Going 'Round and 'Round on Tests for the Problem DiscThe cause of most back pain remains a mystery. Researchers are trying to find clues to help doctors treat the problem. Knowing the cause would help direct treatment. Specific remedies could be provided.
There is a test called discography that can be used to see if low back pain is being caused by disc disease. The disc is an oval-shaped cushion located between the bones of the spine. Pain with disc disease can occur when there is a tear in the covering around the disc. The tear itself can cause pain. It may also produce inflammation and pain due to irritation of the nerves near the problem disc.
One group of doctors at the Stanford University School of Medicine used discography to test an idea. They wanted to see if this test could prove the disc was the source of back pain. A dye is injected directly into the disc. The patient's pain response is charted, and an X-ray of the disc is taken. Two groups of patients were tested. One group had a mild but persistent backache. The second group had chronic low back pain.
The hope was to find a test that could detect disc disease when it is the primary cause of back pain. Current ways to image the parts of the spine tend to show a spectrum of degenerative changes, regardless of whether a person has pain or not. Also, psychological and social factors are known to influence back pain. Finding a single test to rule out one cause of back pain would be helpful.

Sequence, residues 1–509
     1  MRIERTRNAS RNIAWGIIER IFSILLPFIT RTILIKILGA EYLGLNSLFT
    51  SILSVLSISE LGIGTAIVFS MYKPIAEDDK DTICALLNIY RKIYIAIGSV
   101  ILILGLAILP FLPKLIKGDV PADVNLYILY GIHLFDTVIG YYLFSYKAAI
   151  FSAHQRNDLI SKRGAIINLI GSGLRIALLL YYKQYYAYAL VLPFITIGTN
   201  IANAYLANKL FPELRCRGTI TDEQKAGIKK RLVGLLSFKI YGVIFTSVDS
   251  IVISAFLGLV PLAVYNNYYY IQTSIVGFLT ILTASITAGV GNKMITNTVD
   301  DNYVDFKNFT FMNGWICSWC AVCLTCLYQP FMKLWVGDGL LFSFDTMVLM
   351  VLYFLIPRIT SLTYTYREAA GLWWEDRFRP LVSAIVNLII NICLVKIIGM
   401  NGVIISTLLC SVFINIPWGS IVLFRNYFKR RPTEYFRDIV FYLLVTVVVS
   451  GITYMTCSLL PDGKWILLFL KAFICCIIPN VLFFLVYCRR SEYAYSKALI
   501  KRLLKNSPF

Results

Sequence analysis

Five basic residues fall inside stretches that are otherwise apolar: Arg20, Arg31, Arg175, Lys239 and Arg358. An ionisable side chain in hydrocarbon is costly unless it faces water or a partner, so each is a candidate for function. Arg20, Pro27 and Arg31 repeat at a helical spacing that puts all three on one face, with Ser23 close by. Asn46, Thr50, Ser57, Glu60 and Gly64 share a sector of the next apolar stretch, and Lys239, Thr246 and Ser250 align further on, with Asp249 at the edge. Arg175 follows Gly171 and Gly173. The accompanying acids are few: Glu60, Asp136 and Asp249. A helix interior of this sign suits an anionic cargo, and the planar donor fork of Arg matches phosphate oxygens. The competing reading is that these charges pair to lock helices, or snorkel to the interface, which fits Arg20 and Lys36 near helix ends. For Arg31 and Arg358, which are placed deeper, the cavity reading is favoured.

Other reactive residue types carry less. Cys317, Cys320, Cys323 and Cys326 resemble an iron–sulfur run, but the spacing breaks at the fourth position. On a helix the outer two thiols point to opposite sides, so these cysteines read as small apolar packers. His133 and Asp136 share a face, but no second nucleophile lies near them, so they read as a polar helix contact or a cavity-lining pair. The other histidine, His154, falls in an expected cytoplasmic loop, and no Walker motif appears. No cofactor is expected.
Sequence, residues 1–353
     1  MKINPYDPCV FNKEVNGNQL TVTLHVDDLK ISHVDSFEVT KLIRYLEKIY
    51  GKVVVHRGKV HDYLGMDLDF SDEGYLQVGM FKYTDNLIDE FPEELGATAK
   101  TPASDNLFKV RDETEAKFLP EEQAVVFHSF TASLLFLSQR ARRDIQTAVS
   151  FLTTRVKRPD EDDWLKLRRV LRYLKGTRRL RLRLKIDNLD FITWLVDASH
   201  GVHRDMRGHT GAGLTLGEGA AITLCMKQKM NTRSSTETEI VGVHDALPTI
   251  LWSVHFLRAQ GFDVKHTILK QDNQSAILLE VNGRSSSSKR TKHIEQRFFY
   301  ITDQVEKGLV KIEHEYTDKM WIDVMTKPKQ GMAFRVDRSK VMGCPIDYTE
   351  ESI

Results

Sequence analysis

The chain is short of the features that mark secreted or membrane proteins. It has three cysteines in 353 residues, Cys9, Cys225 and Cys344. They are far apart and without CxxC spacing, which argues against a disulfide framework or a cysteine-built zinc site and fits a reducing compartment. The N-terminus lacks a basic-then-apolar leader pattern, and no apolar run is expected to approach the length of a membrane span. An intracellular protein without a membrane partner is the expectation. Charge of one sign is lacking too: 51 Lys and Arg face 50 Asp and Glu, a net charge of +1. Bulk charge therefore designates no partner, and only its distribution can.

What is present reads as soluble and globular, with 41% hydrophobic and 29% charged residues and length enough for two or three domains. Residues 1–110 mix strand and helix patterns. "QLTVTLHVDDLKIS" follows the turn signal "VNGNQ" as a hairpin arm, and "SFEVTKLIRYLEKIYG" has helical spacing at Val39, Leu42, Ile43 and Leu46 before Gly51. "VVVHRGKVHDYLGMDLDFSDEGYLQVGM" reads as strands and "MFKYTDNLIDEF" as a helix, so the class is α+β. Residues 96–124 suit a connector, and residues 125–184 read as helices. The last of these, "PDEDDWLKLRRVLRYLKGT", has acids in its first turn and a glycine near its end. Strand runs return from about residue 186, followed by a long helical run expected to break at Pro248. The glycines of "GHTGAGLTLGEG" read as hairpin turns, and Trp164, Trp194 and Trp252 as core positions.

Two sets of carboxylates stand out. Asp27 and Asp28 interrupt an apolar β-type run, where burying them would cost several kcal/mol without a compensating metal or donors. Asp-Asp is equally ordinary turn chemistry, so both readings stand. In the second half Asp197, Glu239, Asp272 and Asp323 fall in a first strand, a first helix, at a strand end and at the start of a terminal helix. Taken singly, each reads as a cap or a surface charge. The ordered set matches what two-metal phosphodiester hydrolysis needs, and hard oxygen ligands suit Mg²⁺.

After studying all the results, the researchers made several conclusions. Discography isn't a reliable test for disc disease as the cause of the back pain. Both groups had equal amounts of positive test results. The group with chronic low back pain was more likely to report severe pain at many levels. However, this group didn't have more disc damage when examined with magnetic resonance imaging (MRI).
The cause of chronic low back pain still remains a mystery. Discography couldn't be used to separate those patients with back pain from those with disc disease. There was an equal number of positive tests, even among people who had mild back pain that went away.
Eugene J. Carragee, MD, et al. Provocative Discography in Volunteer Subjects With Mild Persistent Low Back Pain. In The Spine Journal. January/February 2002. Vol. 2. No. 1. Pp. 25-34.
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